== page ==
March 17, 2009
"Why Can’t Martha Stewart Have a Gun?"
The title of this post is the title of a new article by C. Kevin Marshall that will appear the Spring 2009 issue of the Harvard Journal of Law and Public Policy. A helpful reader sent me a copy of the article, perhaps after noticing this post I wrote way back in January 2008 questioning the justification for asserting that Martha Stewart and Scooter Libby and other non-violent felons are completely and forever excluded from the Second Amendment's protection. I have secured permission to post this new article, which starts this way:
In 2004, domestic diva Martha Stewart was convicted of obstruction of justice, making false statements, and two counts of conspiracy in connection with dubious stock transactions. Although sentenced to only five months in jail plus a period of supervised release, she risked a much harsher punishment. Because she was convicted of a crime punishable by more than a year in prison, federal law bans her from having any gun. Her ban is for life, unless the Attorney General lifts the disability — a because Congress regularly bars the Bureau of Alcohol, Tobacco, Firearms, and Explosives from spending any money to review petitions to lift firearms disabilities.
Is the public safer now that Martha Stewart is completely and permanently disarmed? More to the point, how could such a ban be constitutional, now that the Supreme Court, in District of Columbia v. Heller, not only has confirmed that the Second Amendment secures a personal right to keep and bear arms, but also has emphasized its historical tie to the right of self-defense?
Here is how Mr. Marshall concludes his exploration of this interesting and important post-Heller topic:
Research and analysis need to replace dicta and assertions on this topic. Especially after Heller, there is much room for further thinking and discussion. Yet wherever the constitutional line may be, it is difficult to see the justification for the complete lifetime ban for all felons that federal law has imposed only since 1968. And among the various lines that the Second Amendment might draw, it is at least curious how Martha Stewart could merit anyone’s concern.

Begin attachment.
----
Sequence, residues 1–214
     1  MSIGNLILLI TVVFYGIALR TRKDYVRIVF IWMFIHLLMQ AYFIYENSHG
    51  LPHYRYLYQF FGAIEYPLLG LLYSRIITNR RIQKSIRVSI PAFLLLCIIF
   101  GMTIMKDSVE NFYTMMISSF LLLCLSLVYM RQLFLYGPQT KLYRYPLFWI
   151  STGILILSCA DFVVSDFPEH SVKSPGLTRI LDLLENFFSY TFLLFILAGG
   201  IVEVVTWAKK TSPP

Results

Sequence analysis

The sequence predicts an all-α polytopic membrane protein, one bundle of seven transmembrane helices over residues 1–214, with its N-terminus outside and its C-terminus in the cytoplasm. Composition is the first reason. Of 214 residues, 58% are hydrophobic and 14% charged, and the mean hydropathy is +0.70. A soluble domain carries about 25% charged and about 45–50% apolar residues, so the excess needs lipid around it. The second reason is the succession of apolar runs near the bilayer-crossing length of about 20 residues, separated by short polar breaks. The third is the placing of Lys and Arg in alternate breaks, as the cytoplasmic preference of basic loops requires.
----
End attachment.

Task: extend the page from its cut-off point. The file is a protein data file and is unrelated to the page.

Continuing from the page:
Some related Second Amendment posts:
- Justice Scalia sells out felon gun rights, but on what basis exactly?
- The lack of originalist justification for excluding felons from the Second Amendment
- Former SG Ted Olson suggests Heller could impact broad prohibitions on felon gun rights
- Assailing the unjustified Second Amendment limits in Heller
- SCOTUS undercuts constitutional gun rights in Hayes without even mentioning Heller or Second Amendment
- Even the Chief and Justice Scalia are content to damn gun possession with faint praise
- Given Hayes, can jurisdictions criminalize gun possession by any misdemeanant?
- What if no lower court judges participate in a "Second Amendment Revolution"
- Has there been a single pro-gun-rights rulings in lower courts since Heller?
- Are Scooter Libby and Martha Stewart and millions of others not among the Constitution's "people"?
- What might 2009 have in store for . . . Second Amendment jurisprudence?
March 17, 2009 at 04:41 PM | Permalink
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I can't say that I think barring felons from having guns is a bad idea, because even a non-violent felony suggests some sort of defect in moral reasoning. And you would expect that folks who have defects in some areas may frequently have defects in others, even if for whatever reason they haven't come to light in the criminal justice system.
Posted by: anonymous | Mar 2, 2016 2:46:49 PM
Do you really think, anonymous, that Martha Stewart has a "defect in moral reasoning."
Posted by: Doug B. | Mar 2, 2016 6:13:55 PM